by Eric Klinenberg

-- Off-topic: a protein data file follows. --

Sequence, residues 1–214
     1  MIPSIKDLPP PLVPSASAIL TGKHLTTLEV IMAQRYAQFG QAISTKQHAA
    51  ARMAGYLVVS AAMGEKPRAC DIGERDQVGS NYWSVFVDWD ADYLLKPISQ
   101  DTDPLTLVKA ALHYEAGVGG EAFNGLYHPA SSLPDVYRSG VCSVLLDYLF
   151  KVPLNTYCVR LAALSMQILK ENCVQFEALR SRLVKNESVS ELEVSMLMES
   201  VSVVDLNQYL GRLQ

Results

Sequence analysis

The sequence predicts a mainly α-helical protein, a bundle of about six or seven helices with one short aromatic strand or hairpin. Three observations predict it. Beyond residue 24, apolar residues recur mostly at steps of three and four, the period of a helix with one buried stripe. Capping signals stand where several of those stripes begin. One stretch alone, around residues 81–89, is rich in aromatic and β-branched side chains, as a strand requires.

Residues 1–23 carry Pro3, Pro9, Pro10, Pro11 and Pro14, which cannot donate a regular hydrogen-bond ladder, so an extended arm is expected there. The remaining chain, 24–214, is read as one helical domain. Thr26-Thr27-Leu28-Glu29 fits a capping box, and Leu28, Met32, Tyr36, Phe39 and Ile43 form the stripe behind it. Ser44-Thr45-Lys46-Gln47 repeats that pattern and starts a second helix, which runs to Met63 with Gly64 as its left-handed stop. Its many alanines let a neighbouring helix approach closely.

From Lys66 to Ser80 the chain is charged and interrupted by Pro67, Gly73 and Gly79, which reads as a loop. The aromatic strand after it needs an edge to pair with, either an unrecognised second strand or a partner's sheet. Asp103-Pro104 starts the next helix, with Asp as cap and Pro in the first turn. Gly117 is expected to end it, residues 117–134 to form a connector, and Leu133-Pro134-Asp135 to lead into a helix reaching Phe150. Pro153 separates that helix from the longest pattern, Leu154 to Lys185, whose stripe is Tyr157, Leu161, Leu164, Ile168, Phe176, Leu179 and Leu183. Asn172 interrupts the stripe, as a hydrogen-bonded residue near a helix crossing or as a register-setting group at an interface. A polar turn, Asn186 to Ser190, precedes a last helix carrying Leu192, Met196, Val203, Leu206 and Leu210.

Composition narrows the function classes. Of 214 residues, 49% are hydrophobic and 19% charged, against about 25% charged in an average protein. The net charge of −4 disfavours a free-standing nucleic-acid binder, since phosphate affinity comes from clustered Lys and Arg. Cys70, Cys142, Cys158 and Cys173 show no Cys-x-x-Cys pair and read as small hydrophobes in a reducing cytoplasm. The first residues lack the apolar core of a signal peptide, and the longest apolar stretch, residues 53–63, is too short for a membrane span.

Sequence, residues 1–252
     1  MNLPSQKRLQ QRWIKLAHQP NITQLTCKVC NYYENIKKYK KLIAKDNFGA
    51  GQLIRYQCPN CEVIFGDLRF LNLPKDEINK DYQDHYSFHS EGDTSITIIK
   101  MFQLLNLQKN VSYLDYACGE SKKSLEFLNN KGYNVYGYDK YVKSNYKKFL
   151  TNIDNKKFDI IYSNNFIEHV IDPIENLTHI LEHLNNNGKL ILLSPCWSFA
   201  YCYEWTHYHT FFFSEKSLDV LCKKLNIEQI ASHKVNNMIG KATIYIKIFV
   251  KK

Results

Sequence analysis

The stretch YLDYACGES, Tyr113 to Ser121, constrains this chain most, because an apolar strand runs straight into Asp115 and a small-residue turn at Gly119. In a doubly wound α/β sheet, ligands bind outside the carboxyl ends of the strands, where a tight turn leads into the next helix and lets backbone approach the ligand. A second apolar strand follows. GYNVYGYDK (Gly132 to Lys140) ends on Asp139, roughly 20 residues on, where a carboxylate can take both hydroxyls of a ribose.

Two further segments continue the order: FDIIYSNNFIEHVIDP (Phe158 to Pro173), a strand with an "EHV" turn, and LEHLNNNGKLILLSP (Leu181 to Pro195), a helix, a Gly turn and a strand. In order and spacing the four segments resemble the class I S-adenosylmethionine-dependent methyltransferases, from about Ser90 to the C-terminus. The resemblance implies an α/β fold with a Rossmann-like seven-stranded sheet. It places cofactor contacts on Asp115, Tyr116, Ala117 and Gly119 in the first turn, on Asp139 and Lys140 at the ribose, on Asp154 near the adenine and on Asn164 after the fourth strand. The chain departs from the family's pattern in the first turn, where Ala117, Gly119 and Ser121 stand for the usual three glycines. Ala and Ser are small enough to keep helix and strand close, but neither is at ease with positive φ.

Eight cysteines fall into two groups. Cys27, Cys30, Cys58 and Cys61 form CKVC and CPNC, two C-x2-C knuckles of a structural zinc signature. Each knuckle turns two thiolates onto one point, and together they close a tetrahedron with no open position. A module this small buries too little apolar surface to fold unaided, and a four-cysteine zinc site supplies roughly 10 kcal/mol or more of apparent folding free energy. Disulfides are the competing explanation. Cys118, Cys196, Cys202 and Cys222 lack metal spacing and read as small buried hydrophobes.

For the past decade and a half, governments around the world have been investing in elaborate plans to “climate-proof” their cities—protecting people, businesses, and critical infrastructure against weather-related calamities. Much of this work involves upgrading what engineers call “lifeline systems”: the network infrastructure for power, transit, and communications, which are crucial in the immediate aftermath of a disaster. Some of the solutions are capital-intensive and high-tech; some are low- or no-tech approaches, such as organizing communities so that residents know which of their neighbors are vulnerable and how to assist them. Even if we managed to stop increasing global carbon emissions tomorrow, we would probably experience several centuries of additional warming, rising sea levels, and more frequent dangerous weather events. If our cities are to survive, we have no choice but to adapt. Writer speaks with Klaus Jacob, a geophysicist at Columbia University. Genuine adaptation, Jacob believes, means preparing for the inevitable deluge. “The ocean is going to reclaim what we took from it,” he said. He thinks that New York can learn from Rotterdam, which has a long history of flooding. After enduring a devastating storm surge in 1953, Rotterdam began building a series of dams, barriers, and seawalls. It’s now experimenting with an architecture of accommodation: it has a floating pavilion in the city center, made of three silver half spheres with an exhibition space that’s equivalent to four tennis courts, and buildings whose façades, garages, and ground-level spaces are engineered to be waterproof. It also has a resilient power grid, designed to withstand strong winds and heavy rain, with power lines which are primarily underground and encased in water-resistant pipes. The island nation of Singapore offers other lessons. Singapore began adapting to dangerous weather thirty years ago, after a series of heavy rains during monsoon season caused repeated flooding in the low-lying city center. Mentions Singapore’s Marina Barrage and Reservoir, which opened in 2008. Still, a strategy of resilience will involve more than changes to our physical infrastructure. Increasingly, governments and disaster planners are recognizing the importance of social infrastructure: the people, places, and institutions that foster cohesion and support. “There’s a lot of social-science research showing how much better people do in disasters, how much longer they live, when they have good social networks and connections,” says Nicole Lurie, a former professor of health policy who has been President Obama’s assistant secretary for preparedness and response since 2009. Discusses, at length, the case of a deadly 1995 heat wave in Chicago, during which people living in neighborhoods with stronger social networks fared better than people who lived in comparable, but less socially cohesive, neighborhoods. Since 1995, officials in Chicago have begun to take these factors into account. City agencies have maintained a database that lists the names, addresses, and phone numbers of old, chronically ill, and otherwise vulnerable people, and city workers call or visit to make sure they’re safe. Writer travels to Rockaway, Queens, where the Rockaway Beach Surf Club has become the main community organization, providing food, cleaning supplies, camaraderie, and manual labor for nearby residents after Hurricane Sandy. Discusses the likely costs of infrastructure investments, and how those costs compare to the investments which were made, after September 11th, to guard against terrorism. Discusses the arguments for and against large-scale projects such as seawalls and other barriers. Mentions how “climate-proofing” investments might benefit communities in other, non-disaster-related ways.